Will the court allow modifications to prescribed creditor notifications in CCAA proceedings?
MEI was a multi-service food business, which operated six restaurants, two food-hall locations and one gourmet grocery location. It had been experiencing financial challenges for an extended period of time as a result of certain unprofitable locations, which were exacerbated by the COVID-19 pandemic. Consequently, MEI brought an application for an initial order under the Companies’ Creditors Arrangement Act.
As part of its restructuring efforts, MEI intended to seek to complete the sale and transfer of the business to the current owners of MEI, to ensure the continuation of the business with a reduced number of locations. MEI believed that the implementation of the transaction would result in a sustainable business going forward for the benefit of MEI’s many stakeholders, including its 268 employees whose jobs would be preserved, its secured creditors whose obligations would be unaffected and assumed by the Purchaser, and its many suppliers and service providers whose contracts and obligations would also all be assumed.
In respect of the Initial Order, MEI proposed that the Monitor not be required to comply with the notification requirements of s. 23(1)(a) of the CCAA to: (a) publish a newspaper notice in respect of the CCAA proceedings; (b) send a notice to known creditors; or (c) make publicly available a list showing the names, addresses and estimated claim amounts of those creditors. Under the CCAA, a court has the jurisdiction to grant an order not requiring compliance with the applicable notice provisions and/or varying those requirements. The question was whether it was appropriate to do so in this case.
MEI believed that the issuance of a newspaper notice, together with the public posting of a list of individual creditors and their claims, would not provide any material benefit to the relevant parties, as they would not be impacted by the CCAA proceedings. Under the proposed sale, the purchaser would assume the existing obligations owing to MEI’s employees, secured creditors and suppliers. Therefore, MEI submitted that adhering to these notice requirements would only add unnecessary costs. It believed that a notice issued by MEI to its creditors would be a more efficient and less disruptive means of notifying such parties in the circumstances.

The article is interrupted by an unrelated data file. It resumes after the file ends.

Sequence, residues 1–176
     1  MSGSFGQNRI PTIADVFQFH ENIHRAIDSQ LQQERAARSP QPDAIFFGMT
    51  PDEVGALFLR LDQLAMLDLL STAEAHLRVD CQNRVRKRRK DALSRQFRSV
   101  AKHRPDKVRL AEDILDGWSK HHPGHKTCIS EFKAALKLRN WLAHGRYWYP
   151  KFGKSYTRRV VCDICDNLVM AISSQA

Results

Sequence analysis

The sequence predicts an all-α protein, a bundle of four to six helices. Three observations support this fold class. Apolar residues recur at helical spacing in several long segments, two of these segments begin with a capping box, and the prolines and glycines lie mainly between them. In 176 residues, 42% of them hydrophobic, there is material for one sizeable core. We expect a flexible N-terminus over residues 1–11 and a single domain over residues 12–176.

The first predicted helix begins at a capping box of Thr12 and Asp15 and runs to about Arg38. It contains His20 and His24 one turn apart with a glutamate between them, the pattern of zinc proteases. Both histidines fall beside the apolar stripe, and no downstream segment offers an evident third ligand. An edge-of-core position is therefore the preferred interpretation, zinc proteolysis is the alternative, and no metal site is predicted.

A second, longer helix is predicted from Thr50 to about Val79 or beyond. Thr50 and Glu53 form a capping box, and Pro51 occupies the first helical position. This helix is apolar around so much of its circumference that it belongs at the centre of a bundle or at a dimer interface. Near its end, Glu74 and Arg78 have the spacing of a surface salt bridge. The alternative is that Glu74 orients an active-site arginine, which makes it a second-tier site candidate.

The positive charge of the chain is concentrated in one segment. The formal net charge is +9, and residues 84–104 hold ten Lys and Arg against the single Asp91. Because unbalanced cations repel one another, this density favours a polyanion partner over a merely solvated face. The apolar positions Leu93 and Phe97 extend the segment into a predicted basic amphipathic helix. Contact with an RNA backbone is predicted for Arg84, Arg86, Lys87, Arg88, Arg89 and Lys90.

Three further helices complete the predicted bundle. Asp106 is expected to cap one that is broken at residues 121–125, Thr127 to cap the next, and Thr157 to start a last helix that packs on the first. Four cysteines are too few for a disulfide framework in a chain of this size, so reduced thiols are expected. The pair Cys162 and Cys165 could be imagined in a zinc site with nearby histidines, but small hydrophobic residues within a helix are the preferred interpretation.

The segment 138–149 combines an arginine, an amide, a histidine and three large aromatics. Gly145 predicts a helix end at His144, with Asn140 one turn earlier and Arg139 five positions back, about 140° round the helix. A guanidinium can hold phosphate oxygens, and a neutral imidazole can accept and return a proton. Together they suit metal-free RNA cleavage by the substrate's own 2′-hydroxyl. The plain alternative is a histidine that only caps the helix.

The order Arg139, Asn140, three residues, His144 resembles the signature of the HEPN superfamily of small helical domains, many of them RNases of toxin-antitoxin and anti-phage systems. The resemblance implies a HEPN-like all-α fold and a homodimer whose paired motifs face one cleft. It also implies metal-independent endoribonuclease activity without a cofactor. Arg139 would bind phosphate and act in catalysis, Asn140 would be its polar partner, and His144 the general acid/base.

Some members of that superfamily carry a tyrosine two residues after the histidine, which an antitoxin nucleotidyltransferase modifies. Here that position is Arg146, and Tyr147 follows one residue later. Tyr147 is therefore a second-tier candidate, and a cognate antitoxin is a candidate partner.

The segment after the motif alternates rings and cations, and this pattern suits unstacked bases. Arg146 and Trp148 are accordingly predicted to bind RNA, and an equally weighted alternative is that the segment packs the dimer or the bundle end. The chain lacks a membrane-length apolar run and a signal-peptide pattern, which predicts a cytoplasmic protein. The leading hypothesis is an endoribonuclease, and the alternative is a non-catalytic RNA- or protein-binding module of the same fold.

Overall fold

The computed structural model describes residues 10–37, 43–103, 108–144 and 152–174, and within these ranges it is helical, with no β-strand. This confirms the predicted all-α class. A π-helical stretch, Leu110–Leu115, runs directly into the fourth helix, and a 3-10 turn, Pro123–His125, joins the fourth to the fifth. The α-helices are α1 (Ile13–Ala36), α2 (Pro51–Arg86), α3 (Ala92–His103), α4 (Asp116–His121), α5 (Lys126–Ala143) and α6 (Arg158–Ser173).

The Court was not persuaded that it was appropriate or necessary to deviate from the notice provisions prescribed by the CCAA. CAAA proceedings are public proceedings. The Supreme Court confirmed that court proceedings are presumptively open to the public. Absent extenuating circumstances, any attempt to limit the publication of CCAA proceedings by altering the prescribed notice provisions is not consistent with the open court presumption, which must be respected.
MEI sought court protection from its creditors and resorted to the CCAA to achieve its objectives. It was not up to MEI to alter the notice provisions to suit its purposes. The notice provisions prescribed in the CCAA were not onerous. Further, the costs associated with a newspaper notice were inconsequential when considering the magnitude of assets and liabilities of MEI.
However, in an effort to eliminate any possible confusion surrounding the publication of individuals whose claims were expected to be unaffected in these proceedings, the Court authorized minor adjustments to the notice provisions, which were reflected in the signed order.
Counsel: Robert J. Chadwick, Caroline Descours and Trish Barrett of Goodmans for MEI; Sean Zweig and Joshua Foster of Bennett Jones for A&M as Monitor; and Virginie Gauthier of Gowlings for The Cadillac Fairview Corporation Limited
Judge: Chief Justice G.B. Morawetz